A series of articles to familiarize Pipeline readers with the basic principles of TQM and the re-establishment of insurance agencies as entrepreneur and customer oriented.
Part One: A Commitment to Service
Service as we use it is not equivalent to the concept of customer service as used in many insurance agencies. Service is defined as providing customers more and better service than can be provided by your competitors – in terms of proactive, rather than reactive sales and post-sales contacts, comprehensive products offered, effective response to any customer need, and efficient response in terms of getting it right the first time, every time.
If you can be the most proactive insurance professionals for customers and prospective customers; if you can offer the most comprehensive products and competitive pricing; if you can respond quickly and accurately to any customer request — you will be Service Excellence agency.
The theory of Service Excellence is sound and simplistic. The integration of these theories into your current operations, replacing some time-worn methods used by agencies for generations, is much more difficult.
First a few assumptions – if you disagree with them, this series is probably not for you.
1. A competitive advantage based on price is impossible to sustain.
2. Agencies that are perceived as unique enjoy more success and greater financial rewards than agencies that perform similarly to the majority of insurance agencies.
3. No agency can be successful by trying to be all things to all people.
Next, let’s define “Commitment”. We need to do this because too many agents talk “commitment” but don’t act it. A commitment to Service Excellence implies making whatever changes are necessary to react to what the customer feels is important (as opposed to what we think is important for the customer). This type of commitment must come from the top. If the agency owner doesn’t act as if he is committed to Service Excellence, using the terms and re-training the employees is useless. You can not be committed to something as important as Service Excellence and TQM without studying it thoroughly because it may involve changes, some radical, in the way you do business. For the longest time, we, as insurance professionals, have decided what the customers needed and acted accordingly. How many of us have actually polled our customers and asked them what would make them fully satisfied with an insurance agent.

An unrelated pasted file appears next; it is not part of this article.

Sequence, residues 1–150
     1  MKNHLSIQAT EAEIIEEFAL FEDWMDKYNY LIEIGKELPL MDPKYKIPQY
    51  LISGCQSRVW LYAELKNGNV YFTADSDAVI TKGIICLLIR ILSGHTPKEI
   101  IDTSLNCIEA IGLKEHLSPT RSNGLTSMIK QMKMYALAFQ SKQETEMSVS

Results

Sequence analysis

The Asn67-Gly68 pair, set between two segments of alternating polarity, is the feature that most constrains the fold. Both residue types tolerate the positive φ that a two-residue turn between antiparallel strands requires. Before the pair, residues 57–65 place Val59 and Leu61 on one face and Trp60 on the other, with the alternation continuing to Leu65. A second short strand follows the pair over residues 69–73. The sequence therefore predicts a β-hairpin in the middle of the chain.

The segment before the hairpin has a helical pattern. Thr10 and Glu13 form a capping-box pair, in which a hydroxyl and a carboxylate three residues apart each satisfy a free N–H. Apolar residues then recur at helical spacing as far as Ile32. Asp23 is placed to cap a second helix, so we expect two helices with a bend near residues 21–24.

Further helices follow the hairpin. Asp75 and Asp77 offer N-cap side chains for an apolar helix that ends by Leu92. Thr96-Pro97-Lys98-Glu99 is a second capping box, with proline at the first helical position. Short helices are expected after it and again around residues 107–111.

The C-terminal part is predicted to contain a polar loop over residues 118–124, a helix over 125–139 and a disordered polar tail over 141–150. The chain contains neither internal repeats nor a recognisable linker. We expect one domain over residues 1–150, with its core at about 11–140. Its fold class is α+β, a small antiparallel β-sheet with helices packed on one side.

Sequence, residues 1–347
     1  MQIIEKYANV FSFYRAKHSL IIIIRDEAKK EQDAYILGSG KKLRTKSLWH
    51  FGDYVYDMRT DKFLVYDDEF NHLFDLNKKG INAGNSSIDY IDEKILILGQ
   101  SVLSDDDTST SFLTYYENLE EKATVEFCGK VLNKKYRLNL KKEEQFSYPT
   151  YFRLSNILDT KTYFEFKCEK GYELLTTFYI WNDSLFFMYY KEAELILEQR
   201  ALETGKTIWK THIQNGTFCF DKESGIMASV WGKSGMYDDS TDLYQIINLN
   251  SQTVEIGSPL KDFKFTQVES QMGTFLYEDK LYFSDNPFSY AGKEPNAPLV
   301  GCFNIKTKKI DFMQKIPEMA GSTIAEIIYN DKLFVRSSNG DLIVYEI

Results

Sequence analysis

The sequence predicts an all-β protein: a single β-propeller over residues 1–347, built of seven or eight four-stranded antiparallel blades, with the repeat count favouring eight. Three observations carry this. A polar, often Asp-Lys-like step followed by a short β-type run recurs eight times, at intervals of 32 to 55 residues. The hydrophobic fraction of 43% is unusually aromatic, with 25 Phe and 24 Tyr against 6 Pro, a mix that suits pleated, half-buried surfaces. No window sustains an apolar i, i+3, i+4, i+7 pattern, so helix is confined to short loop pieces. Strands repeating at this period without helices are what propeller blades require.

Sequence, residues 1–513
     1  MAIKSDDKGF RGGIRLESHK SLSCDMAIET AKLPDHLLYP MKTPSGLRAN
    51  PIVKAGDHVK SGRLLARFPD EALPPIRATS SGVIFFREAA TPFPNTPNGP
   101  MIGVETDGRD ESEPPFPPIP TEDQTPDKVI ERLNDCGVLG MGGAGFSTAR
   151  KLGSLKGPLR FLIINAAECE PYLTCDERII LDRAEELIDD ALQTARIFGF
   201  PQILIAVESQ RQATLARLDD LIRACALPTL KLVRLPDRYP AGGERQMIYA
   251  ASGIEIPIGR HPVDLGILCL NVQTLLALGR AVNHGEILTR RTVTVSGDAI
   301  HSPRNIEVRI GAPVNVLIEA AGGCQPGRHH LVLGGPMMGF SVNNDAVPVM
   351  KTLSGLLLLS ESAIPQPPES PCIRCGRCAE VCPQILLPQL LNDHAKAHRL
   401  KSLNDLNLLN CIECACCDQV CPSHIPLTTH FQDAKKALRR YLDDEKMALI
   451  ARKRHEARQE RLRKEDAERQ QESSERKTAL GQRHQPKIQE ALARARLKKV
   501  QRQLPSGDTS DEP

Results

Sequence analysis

Yes, price will be one of their primary considerations, but not the only one. And, after all, if price was the only consideration, why don’t all customers change insurance companies (and agents) every year to get the best rates? How can some insurance companies (and the agents who represent them) stay in business and thrive when they do not necessarily have the best rates?
In order to achieve Service Excellence through Total Quality Management principals you must reflect your commitment to service in a few distinct ways:
1. Support your staff in any efforts that go “above and beyond the call of duty” to satisfy customers.
2. Focus on the customer base and product lines with which you can stand out as a unique servicing company.
3. Never – Never – Never accept mediocrity in your workforce. You must be the spark plug to create and sustain excellent performance in your employees. Reward excellence visibly and publicly. Criticize mediocrity (privately) and retrain, re-motivate, or replace mediocre employees.
4. Create a book of positive stories and add to it at every opportunity. The positive stories are those that give you bragging rights about how well your staff performs for the customers. Ask for examples of positive stories from every employee on a regular basis. Your asking will show the employees your level of commitment. It will also stress that doing what is required is insufficient for the type of Service Excellence organization that you are building.
Agency Consulting Group, Inc. stands ready to assist you in the development and implementation of TQM and Service Excellence in your organization. Call us to exercise your “commitment” to the process and learn more about these concepts.